Japanese Moon Lander Sends Back Data, Power Issues Continue

Despite the Japanese moon craft SLIM (Smart Lander for Investigating Moon) making a successful landing on the lunar surface on Saturday, near the Shioli Crater, problems have arose with the solar cells that threaten to abort the mission. While data was sent back that verified landing precision data, according to Japan’s Aerospace Exploration Agency (JAXA), it could take a month to further verify where the landing exactly took place and whether or not it was close to the target.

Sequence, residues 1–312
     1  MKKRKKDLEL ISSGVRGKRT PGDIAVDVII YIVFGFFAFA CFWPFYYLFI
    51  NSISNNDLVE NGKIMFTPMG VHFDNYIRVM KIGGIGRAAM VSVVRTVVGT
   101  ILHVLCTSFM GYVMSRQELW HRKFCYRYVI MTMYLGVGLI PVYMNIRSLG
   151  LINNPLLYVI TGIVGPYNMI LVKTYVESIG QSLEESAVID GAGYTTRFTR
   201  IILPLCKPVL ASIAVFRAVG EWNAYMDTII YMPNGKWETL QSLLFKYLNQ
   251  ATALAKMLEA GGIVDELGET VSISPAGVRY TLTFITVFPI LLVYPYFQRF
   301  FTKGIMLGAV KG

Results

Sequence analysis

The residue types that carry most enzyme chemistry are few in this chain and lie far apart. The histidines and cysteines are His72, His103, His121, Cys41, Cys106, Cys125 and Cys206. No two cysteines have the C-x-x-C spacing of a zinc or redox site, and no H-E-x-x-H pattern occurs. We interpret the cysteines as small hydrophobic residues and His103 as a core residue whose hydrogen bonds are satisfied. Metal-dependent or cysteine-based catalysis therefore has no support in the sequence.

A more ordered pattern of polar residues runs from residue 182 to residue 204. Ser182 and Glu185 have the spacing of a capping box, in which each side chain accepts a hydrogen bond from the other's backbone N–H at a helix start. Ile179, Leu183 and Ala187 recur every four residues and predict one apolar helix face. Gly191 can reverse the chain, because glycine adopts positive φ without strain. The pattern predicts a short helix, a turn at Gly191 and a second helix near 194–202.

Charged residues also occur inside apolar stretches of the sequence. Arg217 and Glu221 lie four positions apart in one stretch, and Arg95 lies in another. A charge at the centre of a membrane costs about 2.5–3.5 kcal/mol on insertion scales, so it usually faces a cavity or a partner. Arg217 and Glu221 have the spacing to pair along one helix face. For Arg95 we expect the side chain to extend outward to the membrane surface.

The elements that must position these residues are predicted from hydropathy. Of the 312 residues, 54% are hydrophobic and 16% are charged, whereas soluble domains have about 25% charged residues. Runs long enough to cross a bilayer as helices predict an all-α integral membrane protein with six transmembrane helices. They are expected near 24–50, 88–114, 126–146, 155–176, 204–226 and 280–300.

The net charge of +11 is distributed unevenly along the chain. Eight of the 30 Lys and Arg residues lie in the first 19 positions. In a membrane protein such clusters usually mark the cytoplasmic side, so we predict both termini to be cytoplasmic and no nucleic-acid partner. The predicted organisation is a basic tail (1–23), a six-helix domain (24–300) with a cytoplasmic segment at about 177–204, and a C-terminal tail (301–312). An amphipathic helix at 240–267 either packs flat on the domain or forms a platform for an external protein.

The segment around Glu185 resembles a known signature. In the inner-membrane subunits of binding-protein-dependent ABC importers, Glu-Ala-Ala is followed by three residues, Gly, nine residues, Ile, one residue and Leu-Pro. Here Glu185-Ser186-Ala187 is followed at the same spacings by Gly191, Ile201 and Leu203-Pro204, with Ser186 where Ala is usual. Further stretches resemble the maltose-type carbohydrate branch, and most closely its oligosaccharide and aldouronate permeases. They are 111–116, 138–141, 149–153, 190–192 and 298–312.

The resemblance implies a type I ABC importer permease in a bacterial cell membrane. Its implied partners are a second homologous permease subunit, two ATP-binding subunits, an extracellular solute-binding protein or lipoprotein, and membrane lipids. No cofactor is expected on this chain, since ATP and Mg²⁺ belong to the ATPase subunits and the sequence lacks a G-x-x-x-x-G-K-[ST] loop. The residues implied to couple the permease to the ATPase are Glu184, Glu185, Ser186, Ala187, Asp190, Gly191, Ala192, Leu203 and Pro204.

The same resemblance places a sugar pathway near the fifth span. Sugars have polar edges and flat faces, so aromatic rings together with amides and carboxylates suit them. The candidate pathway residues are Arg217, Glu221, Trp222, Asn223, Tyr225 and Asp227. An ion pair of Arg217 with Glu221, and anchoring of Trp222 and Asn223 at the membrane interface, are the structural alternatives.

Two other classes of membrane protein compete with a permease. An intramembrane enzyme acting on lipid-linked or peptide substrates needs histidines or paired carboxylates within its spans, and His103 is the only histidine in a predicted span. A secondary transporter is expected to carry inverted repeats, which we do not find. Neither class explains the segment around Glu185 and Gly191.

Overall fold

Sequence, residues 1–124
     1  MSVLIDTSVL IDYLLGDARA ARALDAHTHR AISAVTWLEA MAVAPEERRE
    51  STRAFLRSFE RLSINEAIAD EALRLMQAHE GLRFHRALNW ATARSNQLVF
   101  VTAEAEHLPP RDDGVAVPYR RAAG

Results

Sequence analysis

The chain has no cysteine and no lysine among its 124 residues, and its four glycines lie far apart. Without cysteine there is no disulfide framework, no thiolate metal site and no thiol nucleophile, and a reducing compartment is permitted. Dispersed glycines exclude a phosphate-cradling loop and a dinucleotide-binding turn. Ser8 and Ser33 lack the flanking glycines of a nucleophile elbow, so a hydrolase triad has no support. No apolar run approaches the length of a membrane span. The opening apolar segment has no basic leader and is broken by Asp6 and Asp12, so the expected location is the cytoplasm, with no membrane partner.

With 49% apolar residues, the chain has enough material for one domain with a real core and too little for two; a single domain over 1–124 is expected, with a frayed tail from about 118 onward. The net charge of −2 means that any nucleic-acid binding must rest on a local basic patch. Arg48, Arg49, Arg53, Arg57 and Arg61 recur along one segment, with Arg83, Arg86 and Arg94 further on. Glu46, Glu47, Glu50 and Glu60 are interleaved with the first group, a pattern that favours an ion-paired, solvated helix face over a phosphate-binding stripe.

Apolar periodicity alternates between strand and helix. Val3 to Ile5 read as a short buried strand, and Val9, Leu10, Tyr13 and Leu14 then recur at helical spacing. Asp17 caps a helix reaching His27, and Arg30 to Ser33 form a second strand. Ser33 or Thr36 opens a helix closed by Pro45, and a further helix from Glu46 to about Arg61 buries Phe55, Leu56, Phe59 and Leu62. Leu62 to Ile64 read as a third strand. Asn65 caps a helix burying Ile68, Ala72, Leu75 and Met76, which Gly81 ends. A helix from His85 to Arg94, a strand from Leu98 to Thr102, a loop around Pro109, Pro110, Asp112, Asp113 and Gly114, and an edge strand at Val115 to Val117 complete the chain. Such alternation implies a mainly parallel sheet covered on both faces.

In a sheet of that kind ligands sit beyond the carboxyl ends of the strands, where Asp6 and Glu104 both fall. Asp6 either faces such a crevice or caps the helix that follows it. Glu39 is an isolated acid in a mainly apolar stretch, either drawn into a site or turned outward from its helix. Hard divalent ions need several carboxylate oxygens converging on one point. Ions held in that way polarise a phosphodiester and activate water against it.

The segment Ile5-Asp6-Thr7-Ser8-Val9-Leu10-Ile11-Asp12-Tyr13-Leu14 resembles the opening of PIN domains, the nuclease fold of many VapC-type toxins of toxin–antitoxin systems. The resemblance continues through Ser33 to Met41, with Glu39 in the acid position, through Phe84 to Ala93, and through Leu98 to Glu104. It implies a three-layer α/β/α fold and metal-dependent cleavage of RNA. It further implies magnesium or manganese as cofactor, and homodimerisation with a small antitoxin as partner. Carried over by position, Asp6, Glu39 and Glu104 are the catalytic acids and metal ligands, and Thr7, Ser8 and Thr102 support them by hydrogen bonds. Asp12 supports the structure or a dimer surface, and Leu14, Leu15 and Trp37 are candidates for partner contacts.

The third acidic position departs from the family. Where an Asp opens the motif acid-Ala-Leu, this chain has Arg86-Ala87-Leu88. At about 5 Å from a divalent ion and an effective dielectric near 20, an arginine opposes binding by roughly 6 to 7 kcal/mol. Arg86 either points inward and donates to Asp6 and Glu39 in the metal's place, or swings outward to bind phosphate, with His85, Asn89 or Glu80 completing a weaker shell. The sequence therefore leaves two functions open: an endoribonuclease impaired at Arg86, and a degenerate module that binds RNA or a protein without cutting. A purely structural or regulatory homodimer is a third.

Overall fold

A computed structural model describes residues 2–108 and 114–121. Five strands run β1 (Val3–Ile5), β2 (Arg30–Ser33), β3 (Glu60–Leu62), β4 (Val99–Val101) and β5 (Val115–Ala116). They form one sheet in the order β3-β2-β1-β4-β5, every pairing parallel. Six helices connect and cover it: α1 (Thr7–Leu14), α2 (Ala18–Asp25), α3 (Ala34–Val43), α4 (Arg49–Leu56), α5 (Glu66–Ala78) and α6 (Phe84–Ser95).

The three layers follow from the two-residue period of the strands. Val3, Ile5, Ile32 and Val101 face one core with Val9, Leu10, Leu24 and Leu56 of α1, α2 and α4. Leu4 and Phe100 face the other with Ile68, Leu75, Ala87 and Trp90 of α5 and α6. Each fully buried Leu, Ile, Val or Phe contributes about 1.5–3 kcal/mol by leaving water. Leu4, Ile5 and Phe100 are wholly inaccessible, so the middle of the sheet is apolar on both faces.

After SLIM’s landing, Japan has become the fifth country to successfully land a craft on the lunar surface; this came after India recently took the fourth spot in July 2023.

After the solar cells failed to generate power following the establishment of communication with Earth, JAXA decided to switch off the unit’s power after it dropped to 12%. The solar cells facing west and not east, as they were intended to collect sunlight, are thought to be the reason for at least that issue. Officials have said there is hope that if the sunlight comes in from a westerly angle, it could restore power. JAXA is to hold a news conference Thursday to give more details.

Shioli Crater, south of the equator of the moon, NASA/LRO.
Shioli Crater, south of the equator of the moon, NASA/LRO.